It was the biggest party Downtown L.A. has seen in years — the Lakers and 18,997 of their closest friends.
Coming off a loss in Memphis, yet with a series victory in their sights, the Lakers pulverized the Grizzlies by 40 points in one of the most lopsided games in franchise playoff history.
In knocking off second-seeded Memphis, the Lakers became the first seven seed to win their first-round series in 13 years. They also became the lowest-seeded team in franchise history to advance.
L.A.’s low seed was due mostly to a 2-10 start to the season that they spent the entire season trying to crawl out of. Since the All-Star Break, they have a league-best 21-9 record. They will begin their second-round series against the winner of Golden State-Sacramento on Tuesday.
“It doesn’t stop here,” Anthony Davis said in his walk-off interview with ESPN. “We’re not satisfied. We’re happy we were able to get to the second round, but weren’t satisfied. We’ve got a lot of work to do.”
After losing in Game 5, Davis told reporters that he was ready to play all 48 minutes if needed. He ended up needing only 28, as the Lakers bullied the Grizzlies all night long.
Davis — who was a behemoth defensively all series — utterly destroyed Memphis on both sides of the ball. He finished with 16 points, 14 rebounds and five blocks in his limited time, but those all-encompassing numbers fail to illustrate his dominance.
He was relentless attacking the basket, throwing down several dunks, including a poster alley-oop over Defensive Player of the Year Jaren Jackson Jr.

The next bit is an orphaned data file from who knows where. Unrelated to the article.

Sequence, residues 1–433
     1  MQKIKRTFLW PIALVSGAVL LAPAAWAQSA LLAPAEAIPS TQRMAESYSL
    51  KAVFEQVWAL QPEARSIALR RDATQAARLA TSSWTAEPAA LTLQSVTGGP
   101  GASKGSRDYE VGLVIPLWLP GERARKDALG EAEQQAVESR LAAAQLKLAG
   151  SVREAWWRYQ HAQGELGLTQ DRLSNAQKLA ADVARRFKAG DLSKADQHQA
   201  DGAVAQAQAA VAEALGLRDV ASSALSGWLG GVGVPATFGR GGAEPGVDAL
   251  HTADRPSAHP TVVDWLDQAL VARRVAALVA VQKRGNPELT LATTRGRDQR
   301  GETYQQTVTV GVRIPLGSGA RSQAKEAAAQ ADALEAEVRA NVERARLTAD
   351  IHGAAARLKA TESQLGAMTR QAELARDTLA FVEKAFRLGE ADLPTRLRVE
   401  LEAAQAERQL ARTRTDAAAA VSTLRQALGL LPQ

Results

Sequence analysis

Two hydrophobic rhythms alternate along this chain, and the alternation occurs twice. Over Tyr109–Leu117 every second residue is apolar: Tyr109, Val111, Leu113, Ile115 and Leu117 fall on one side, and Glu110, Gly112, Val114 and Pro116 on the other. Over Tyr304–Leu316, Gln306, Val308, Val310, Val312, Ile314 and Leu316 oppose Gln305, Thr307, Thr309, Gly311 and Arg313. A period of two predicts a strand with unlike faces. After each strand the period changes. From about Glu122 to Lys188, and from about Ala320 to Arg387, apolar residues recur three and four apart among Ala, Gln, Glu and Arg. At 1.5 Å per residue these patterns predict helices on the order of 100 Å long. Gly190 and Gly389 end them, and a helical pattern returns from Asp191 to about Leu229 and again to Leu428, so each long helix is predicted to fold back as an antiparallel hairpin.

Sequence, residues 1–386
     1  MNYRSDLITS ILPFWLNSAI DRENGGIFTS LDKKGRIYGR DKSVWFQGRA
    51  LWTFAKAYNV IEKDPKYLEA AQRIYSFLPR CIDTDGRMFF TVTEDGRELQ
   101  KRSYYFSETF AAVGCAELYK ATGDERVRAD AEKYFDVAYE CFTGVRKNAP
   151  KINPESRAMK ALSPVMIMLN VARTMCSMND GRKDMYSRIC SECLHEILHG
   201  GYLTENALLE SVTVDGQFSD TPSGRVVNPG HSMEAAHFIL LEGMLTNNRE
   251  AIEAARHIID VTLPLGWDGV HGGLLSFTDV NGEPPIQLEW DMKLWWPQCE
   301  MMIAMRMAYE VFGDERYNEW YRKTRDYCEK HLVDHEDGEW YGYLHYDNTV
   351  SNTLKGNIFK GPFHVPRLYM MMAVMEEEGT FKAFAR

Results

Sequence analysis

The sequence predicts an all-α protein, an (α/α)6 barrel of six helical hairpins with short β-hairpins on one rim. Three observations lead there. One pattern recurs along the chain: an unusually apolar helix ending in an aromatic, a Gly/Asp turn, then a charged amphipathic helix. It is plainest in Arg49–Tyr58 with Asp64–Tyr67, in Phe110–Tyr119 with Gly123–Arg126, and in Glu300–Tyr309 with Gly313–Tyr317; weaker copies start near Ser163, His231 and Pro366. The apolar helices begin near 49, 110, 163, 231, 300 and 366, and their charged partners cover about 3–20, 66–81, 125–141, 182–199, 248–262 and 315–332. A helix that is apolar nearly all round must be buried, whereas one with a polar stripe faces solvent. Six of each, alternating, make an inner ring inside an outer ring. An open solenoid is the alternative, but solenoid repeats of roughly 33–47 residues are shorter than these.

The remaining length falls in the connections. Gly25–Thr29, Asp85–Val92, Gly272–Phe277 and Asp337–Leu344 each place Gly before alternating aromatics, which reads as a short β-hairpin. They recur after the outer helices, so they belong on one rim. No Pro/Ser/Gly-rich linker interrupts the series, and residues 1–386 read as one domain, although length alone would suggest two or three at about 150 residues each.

But he was arguably more impressive on the other side, raising his series total to 26 blocks — the most by any player in a six-game playoff span since Serge Ibaka 13 years ago.
“He was AD,” LeBron James said. “Basketball guys know. The competitions knows. How dominant he is defensively. He was AD. He was spectacular.”
Spectacular is underselling it. Davis’ presence in the paint was a large reason the Grizzlies failed to find any traction, including their all-star duo of Jackson and Ja Morant, who combined to shoot just 6-of-28 from the field.
The Grizzlies’ 85 points were the fewest allowed by the Lakers all season. And, led by Davis, the Purple and Gold tied their franchise record with 15 blocks.
Meanwhile, James held up his end of the bargain as well, dropping 22 points on 9-of-13 shooting with six assists. The 20-year veteran even threw down an acrobatic reverse dunk to cap the first half onslaught.
LeBron’s fireworks were part of an interior domination that saw the Lakers outscore their visitors 52-32 in the paint and 24-14 on fast-breaks.
While Davis and James took care of business inside, D’Angelo Russell was a one-man battalion from behind the arc.
He finished with the greatest game of his playoff career, dropping a personal-best 31 points, which included five 3-pointers — all during the Lakers’ second-half tidal wave.
But he wasn’t going to let his teammates have all of the fun inside, also attacking off the dribble for several mid-range pull ups and short-range paint jumpers.
Now Russell and co. will look to continue their winning ways against the second-seeded Kings or defending-champion Warriors.
“This thing is just getting started,” head coach Darvin Ham said. “We passed level one. Now we’ve got to start shifting our focus to whoever comes out of that game on Sunday. … We have to be the best versions of ourselves.”